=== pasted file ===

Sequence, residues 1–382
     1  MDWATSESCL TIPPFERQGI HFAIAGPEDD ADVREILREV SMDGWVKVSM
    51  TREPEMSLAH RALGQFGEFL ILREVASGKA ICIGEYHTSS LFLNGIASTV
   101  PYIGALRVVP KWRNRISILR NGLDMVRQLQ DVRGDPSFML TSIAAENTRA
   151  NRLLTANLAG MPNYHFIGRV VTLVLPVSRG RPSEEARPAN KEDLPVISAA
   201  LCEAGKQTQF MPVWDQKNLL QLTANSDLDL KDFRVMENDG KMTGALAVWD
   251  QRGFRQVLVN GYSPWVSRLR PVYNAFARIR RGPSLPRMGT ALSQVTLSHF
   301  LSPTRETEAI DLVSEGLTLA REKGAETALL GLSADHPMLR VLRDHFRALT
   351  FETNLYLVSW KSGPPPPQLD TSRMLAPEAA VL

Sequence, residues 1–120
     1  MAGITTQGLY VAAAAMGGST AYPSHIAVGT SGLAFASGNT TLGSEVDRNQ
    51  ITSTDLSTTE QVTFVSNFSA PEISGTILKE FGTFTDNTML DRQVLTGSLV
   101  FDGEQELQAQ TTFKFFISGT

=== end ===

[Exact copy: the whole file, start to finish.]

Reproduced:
Sequence, residues 1–382
     1  MDWATSESCL TIPPFERQGI HFAIAGPEDD ADVREILREV SMDGWVKVSM
    51  TREPEMSLAH RALGQFGEFL ILREVASGKA ICIGEYHTSS LFLNGIASTV
   101  PYIGALRVVP KWRNRISILR NGLDMVRQLQ DVRGDPSFML TSIAAENTRA
   151  NRLLTANLAG MPNYHFIGRV VTLVLPVSRG RPSEEARPAN KEDLPVISAA
   201  LCEAGKQTQF MPVWDQKNLL QLTANSDLDL KDFRVMENDG KMTGALAVWD
   251  QRGFRQVLVN GYSPWVSRLR PVYNAFARIR RGPSLPRMGT ALSQVTLSHF
   301  LSPTRETEAI DLVSEGLTLA REKGAETALL GLSADHPMLR VLRDHFRALT
   351  FETNLYLVSW KSGPPPPQLD TSRMLAPEAA VL

Sequence, residues 1–120
     1  MAGITTQGLY VAAAAMGGST AYPSHIAVGT SGLAFASGNT TLGSEVDRNQ
    51  ITSTDLSTTE QVTFVSNFSA PEISGTILKE FGTFTDNTML DRQVLTGSLV
   101  FDGEQELQAQ TTFKFFISGT